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House Curious

Lifestyle and interior shop. Social workshops for the creatively curious.

Filtering by Tag: garden

GARDEN TOUR

Sommer Pyne

As promised here is the follow up blog to our Instagram Live garden tour last week. A big thank you to those of you that were able to join us. If you missed the tour head over to my IGTV to check it out now.

I was joined by our Garden Designer Shelley Hugh-Jones who shared her wealth of knowledge and answered all your burning questions. Shelley has kindly written a blog post below sharing some of her insider tips, explaining why it's important to get a garden designer, plus the plant list with all those tricky plant names. 

Photo Credit - House Curious

Photo Credit - House Curious

Why use a garden designer?

An experienced garden designer will have the creativity and perspective to assess the existing garden and come up with fresh ideas, identifying solutions that run in line with the available budget.

They can help with everything from planning the entire garden,  from solving privacy problems, to selecting the most suitable plants for beds and borders, and in doing so avoiding potential costly mistakes. Their expertise in planning an outdoor space will also maximize the potential of your garden and add value to your property.

As well as plant knowledge, a garden designer also should have specialist knowledge, regarding local guidelines and building regulations regarding driveways, fence heights, tree protection orders, conservation areas, levels and slopes, hard landscaping etc.

They can take responsibility for all the design work, specifications and appointment of contractors, as well as act on your behalf in any discussions regarding the actual build.

Photo Credit - Shelley Hugh-Jones

Photo Credit - Shelley Hugh-Jones

When to get garden designer involved:

Do this as early as possible.  If you are working with an architect or builder, a collaborative approach is key. Decisions regarding the space planning are made together so that both inside and outside are unified.

Practical issues such as where the outdoor tap will be situated, gas if running a gas pipe rather than using bottled gas, lighting cables and light fittings on the house wall all effect the position of feeds from inside the house etc. The electrician also needs to leave enough capacity on the system for enough circuits, two at least, for the garden. Feeds for outdoor speakers also need to be installed early on.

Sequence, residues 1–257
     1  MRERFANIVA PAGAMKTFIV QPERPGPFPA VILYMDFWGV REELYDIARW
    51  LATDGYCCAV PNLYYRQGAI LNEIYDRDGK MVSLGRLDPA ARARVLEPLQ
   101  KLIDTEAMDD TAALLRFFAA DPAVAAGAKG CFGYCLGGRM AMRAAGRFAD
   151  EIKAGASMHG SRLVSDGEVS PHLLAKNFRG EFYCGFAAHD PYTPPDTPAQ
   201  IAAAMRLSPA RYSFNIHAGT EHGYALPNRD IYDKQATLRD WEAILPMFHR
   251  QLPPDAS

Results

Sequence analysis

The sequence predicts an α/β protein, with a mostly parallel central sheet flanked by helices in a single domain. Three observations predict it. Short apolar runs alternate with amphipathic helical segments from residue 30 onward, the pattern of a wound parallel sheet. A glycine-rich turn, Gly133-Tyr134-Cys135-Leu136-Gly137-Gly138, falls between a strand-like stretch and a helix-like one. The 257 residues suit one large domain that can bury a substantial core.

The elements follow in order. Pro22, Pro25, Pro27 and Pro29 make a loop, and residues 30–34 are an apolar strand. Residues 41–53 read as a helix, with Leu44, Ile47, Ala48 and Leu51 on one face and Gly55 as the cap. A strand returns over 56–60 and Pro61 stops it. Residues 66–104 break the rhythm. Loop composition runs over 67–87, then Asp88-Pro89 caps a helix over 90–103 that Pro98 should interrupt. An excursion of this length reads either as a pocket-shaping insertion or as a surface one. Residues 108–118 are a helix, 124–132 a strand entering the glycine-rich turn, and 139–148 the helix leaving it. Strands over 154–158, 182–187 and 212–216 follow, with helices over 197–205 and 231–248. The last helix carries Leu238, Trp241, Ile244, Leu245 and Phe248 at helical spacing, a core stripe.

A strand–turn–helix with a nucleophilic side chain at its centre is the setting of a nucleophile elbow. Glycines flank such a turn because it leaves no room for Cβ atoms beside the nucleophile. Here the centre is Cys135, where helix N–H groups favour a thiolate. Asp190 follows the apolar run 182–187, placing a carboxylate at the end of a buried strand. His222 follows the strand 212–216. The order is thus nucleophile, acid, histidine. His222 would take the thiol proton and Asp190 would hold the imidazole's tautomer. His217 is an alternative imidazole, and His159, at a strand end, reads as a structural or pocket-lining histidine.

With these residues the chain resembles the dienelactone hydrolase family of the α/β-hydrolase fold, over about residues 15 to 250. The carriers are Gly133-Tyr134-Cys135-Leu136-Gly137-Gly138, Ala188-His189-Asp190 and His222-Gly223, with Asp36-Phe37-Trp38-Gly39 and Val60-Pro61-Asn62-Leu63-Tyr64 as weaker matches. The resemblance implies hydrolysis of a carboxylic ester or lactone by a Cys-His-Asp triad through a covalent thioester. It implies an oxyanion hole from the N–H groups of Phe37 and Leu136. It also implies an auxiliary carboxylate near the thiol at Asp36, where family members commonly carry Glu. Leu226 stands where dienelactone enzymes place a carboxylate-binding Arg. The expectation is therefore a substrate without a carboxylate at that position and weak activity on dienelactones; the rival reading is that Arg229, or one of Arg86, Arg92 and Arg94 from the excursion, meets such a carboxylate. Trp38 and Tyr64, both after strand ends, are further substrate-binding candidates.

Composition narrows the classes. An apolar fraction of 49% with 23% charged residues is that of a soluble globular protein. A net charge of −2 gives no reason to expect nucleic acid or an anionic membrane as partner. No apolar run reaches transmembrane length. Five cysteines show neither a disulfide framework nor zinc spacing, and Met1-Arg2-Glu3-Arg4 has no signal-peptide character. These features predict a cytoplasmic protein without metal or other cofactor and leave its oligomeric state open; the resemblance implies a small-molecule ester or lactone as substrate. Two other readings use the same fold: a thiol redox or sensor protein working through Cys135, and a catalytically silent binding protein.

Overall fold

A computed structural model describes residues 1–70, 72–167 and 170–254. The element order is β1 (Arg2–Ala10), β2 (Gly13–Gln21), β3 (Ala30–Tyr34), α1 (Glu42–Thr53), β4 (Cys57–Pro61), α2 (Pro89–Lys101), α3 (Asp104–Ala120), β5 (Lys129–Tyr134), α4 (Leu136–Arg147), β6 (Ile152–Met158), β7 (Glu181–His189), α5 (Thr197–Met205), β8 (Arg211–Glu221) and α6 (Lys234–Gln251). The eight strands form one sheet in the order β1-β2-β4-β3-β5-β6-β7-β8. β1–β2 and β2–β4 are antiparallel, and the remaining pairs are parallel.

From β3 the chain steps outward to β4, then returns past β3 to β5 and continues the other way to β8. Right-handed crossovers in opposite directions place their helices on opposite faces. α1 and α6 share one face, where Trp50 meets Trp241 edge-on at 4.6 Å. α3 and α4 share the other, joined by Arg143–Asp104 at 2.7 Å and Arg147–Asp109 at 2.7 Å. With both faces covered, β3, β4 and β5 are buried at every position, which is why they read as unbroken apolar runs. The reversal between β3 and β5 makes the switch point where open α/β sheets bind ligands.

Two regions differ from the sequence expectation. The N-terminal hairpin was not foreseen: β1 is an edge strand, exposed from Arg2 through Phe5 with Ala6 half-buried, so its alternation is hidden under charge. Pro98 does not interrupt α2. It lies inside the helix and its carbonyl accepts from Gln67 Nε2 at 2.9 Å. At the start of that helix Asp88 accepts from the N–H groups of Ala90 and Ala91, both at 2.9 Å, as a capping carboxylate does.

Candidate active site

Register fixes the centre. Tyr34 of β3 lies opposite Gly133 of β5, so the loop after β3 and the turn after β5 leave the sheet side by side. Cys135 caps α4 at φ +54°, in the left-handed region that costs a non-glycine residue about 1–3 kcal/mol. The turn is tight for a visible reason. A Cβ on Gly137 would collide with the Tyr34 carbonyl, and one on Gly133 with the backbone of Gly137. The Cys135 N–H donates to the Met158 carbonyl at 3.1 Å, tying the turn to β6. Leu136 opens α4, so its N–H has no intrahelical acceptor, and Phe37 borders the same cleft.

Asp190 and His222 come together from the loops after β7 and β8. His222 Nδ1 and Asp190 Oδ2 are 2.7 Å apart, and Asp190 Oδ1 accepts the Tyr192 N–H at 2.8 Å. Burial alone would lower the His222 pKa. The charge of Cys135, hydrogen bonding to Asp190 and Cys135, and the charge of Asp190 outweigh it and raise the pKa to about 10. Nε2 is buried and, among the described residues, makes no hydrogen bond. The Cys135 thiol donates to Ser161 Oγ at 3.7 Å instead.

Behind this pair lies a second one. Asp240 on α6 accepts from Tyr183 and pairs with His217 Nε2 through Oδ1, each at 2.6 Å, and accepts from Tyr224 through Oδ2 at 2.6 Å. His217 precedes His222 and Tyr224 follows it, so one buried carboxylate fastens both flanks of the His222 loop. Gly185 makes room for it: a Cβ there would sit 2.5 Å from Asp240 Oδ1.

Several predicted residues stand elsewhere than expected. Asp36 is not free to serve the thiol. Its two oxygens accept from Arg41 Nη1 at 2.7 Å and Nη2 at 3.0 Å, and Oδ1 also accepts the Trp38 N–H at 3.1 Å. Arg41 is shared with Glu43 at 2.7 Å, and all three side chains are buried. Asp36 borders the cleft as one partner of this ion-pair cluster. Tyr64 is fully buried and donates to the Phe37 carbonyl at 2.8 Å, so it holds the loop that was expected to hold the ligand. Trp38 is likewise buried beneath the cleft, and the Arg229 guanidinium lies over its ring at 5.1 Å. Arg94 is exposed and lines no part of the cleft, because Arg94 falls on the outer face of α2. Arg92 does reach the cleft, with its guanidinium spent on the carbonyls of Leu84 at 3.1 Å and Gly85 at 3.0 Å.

Conduits under patios etc need to be left for electrical cables and irrigation feeds.

Photo credit - House Curious

Photo credit - House Curious

Briefing a garden designer

  • Give them as much info as possible regarding your likes and dislikes.

  • Show them around your downstairs space or show plans of how things will look inside. Discuss interior colours, flooring, work surfaces etc.

  • Introduce them to your builder/architect/etc. as early as possible.

Considerations when planning a garden

  • How you want to use the garden, dining, cooking, relaxed seating, play areas- trampoline, climbing frames, football area, etc real grass/ artificial?

  • Privacy issues.

  • Likes and dislikes in terms of materials and plants if you have them.

  • The direction the garden faces, soil type, whether you are in a conservation area as there are planning rules within these areas.

  • Budget

  • Draw up a list of requirements and how you want to use your garden.

  • First of all use your existing internal décor style/colours etc as a starting point, (specifically of the room that adjoins the garden) in order to create a good flow from inside to out, these two spaces should work together. Look at the flooring material or colour and repeat this outside, kitchen surfaces, chrome or brass hardware etc. All this can be reflected in the garden.

  • The façade of the house also is very important, type of brick, render, colour etc and the position of doors onto the garden.

  • Divide up the space to make the garden appear larger even if it is a small garden this can be done to a lesser extent. Use planting or other focal points along the garden length so that your eyes track from side to side rather than just focusing on the back border.

  • Lay paving widthways to make it appear wider and lengthways to appear longer.

  • Evergreen structure in a garden is key and the first thing to be considered.